Notes on the Translation
First of all, every translation and copy comes from a single version that was copied out in an Italian monestery sometime in the eleventh century, before photocopy machines were widely available. There have been literally oodles of translations into English, as I discovered at Powell’s when I went to purchase my very own copy. I was confronted by a plethora of Golden Asses, all of which I examined diligently, and I was quite surprised by the considerable differences in tone and editorial choices. Since it is an old, old, old, old, old text, some of the translations are now a bit long in the tooth themselves, including the one most available online. That one is by William Addington, from 1566, and begins
As I fortuned to take my voyage into Thessaly, about certaine affaires which I had to doe ( for there myne auncestry by my mothers side inhabiteth, descended of the line of that most excellent person Plutarch, and of Sextus the Philosopher his Nephew, which is to us a great honour)…But the modern translations diverge quite a bit too. Here’s one from 1999.
I was on my way to Thessaly to transact some business. My family on my mother's side hails from that region, and the prominence lent to it by the famous philosopher Plutarch, and later by his nephew Sextus, lends us esteem.And another, from 2007:
I was going to Thessaly on business. Why? Because it was from there that the root and stock of my ancestry, on my mother's side, was first made known to the world; passing through the great Plutarch and then through his nephew, the philosopher Sextus, it created our name and fame.And here’s mine, E.J. Kenney’s 1998 translation for Penguin:
I was on my way to Thessaly – for on my mother’s side our family goes back there, being proud to number among our ancestors the distinguished philopher Plutarch and his nephew Sextus – I was on my way, I say, to Thessaly on particular business.Since the original apparently involves heaps of wordplay and plenty of offhand references to things that are no longer common knowledge, and since it was written without the modern (Carolingian, actually) niceties like spaces between words, and paragraphs, and chapters, the whole thing seems like rich terrain for the fine craft of the editor. I found all of these subtle and obvious differences quite fascinating, and felt the same call that Stephen Mitchell did with Gilgamesh – “Hey! I could compile the ur-translation by cross-referencing these! Without learning a classical language!” In this instance, though, cooler heads prevailed.
Picaresque Means, In This Case, Lots of Sex and Violence!
Sure, it takes a few pages to get used to the tone of a 2000 year old book. The greater hurdle is getting used to the structure. There is a single overall story, but it is interspersed willy-nilly with tangential stories that the narrator witnesses, hears, or recalls in his various journeys. These range from quick paragraph-length anecdotes to a telling of the legend of Cupid and Psyche that occupies a good sixth of the book. Everything is told at a fairly manic pace, and until you are a few chapters in it’s hard to keep track of which details are going to be important later and what is an entertaining tangent.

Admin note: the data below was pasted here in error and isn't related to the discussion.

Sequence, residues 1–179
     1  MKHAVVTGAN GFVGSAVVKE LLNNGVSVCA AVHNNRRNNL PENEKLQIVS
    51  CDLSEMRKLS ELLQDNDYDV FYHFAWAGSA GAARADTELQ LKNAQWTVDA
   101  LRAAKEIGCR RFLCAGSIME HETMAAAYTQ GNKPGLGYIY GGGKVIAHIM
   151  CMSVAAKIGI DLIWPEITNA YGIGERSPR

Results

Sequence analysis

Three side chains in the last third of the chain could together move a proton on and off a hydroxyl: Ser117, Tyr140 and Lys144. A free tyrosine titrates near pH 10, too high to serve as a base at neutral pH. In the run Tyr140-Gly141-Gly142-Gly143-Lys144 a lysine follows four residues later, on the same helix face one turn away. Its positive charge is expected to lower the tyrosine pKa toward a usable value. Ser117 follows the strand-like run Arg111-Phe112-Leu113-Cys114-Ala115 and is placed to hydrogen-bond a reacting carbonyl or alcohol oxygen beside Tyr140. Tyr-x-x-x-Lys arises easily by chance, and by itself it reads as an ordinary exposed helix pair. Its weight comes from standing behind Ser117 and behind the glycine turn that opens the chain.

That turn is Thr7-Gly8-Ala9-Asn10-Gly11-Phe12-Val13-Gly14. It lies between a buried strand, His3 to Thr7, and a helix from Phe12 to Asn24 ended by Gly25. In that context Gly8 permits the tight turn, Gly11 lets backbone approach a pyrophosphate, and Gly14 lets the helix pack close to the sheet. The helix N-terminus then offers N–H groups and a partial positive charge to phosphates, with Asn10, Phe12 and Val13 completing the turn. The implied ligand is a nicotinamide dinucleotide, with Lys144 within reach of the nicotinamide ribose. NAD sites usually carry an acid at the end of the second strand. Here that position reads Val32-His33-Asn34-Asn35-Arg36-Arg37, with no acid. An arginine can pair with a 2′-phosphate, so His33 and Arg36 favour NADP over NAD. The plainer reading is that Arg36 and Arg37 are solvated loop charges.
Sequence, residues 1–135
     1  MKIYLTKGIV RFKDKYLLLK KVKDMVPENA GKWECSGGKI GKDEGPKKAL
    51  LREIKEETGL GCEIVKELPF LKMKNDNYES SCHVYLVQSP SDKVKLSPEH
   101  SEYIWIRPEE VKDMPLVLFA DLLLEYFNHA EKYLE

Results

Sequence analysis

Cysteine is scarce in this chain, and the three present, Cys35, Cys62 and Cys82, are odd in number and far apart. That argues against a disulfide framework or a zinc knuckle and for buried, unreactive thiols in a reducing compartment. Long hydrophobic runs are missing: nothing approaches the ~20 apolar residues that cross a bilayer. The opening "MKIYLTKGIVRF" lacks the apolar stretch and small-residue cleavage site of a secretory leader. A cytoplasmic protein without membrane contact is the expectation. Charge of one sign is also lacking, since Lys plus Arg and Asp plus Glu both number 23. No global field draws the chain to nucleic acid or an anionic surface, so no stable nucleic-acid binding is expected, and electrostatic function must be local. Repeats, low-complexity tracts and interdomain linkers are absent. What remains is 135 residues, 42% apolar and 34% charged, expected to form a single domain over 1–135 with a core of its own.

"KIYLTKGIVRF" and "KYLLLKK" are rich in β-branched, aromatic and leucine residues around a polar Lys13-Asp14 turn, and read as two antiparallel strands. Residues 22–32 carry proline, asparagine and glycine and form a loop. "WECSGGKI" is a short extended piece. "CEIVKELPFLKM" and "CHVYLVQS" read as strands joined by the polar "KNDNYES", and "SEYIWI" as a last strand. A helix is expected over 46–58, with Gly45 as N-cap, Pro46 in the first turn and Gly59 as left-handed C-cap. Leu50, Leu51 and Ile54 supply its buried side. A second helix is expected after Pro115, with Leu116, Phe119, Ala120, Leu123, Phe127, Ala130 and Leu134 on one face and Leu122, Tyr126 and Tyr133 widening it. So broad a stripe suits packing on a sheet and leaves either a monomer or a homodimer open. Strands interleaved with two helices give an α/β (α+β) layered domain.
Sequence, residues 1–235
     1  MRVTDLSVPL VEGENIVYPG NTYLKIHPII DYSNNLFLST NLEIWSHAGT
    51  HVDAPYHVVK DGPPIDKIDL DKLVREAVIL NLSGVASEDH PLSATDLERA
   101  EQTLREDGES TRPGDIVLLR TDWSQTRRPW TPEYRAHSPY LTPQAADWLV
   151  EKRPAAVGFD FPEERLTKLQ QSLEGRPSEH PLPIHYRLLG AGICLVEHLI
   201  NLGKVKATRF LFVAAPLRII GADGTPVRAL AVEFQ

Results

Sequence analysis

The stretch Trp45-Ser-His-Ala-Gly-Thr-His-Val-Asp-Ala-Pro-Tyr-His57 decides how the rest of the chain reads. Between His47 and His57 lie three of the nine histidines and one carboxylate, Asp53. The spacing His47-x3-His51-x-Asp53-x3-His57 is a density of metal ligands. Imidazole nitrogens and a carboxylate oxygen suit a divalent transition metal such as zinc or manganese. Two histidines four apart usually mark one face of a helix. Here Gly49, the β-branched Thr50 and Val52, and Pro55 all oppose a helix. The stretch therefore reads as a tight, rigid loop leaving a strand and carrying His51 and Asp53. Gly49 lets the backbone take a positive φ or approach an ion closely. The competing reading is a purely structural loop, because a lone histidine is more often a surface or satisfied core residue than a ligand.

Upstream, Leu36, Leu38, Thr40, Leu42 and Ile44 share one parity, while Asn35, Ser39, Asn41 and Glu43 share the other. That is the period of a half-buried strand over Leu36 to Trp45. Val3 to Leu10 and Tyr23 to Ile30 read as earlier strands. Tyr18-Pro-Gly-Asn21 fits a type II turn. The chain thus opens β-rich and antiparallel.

Because it’s old and it’s episodic, you might assume that The Golden Ass is akin to those romances of the middle ages in which knights and heroes are always charging around whacking on monsters and other knights and encountering beautiful maidens and strange monks, all with a perfect vagueness that renders the whole thing meaningless and impossibly tedious to the modern reader. Not so! The Golden Ass is rich with colorful detail and full of surprises. It is also rich with the eternal crowd-pleasers, sex and violence. The narrator spends plenty of time rolling in the hay, as it were, and at least half of the tales he reports second hand are, one way or another, about -- to put it delicately -- doin’ it. As a kind of grand finale to the tale, we are treated to the second most explicit description of human/equine passion I have yet encountered. (For the MOST explicit, see Stephen Fry’s The Hippopotamus, if you dare.) As for violence, did I mention that this is a Roman book? Theirs was not a society to go easy on the punishments.
Once you get into the rhythm, in other words, The Golden Ass is a perfectly accessible and enjoyable book. It’s a little like being a kid awake when all the adults think you’ve drifted off, and your aunts and uncles start gossiping and telling dirty jokes. You learn a lot about adult life that way, in passing. With this book, you learn a lot about life in antiquity in passing. The narrator encounters people from all levels of society, and quite offhandedly describes common Roman stuff – clothes, tools, towns, ways of getting around, the justice system, and so on. To the original readers, it was just the setting, but for us, it’s an accidental window on another world.
The narrator is an overly curious young man with a particular interest in magic. Trying to turn into an owl for the evening, he grabs the wrong potion and turns into a donkey for a full year. It’s a tough life, but he has all sorts of amazing adventures along the way, and overhears even more amazing stories with his big, long, pointy donkey ears. In the end, he resumes his natural form and has a powerful religious conversion. Apparently nobody knows whether the last chapter, which is all about how totally jazzed he is to have joined the cult of Isis, is supposed to be the moral of the story, is supposed to be hilarious satire of holy rollers, or was even tacked on later by somebody else.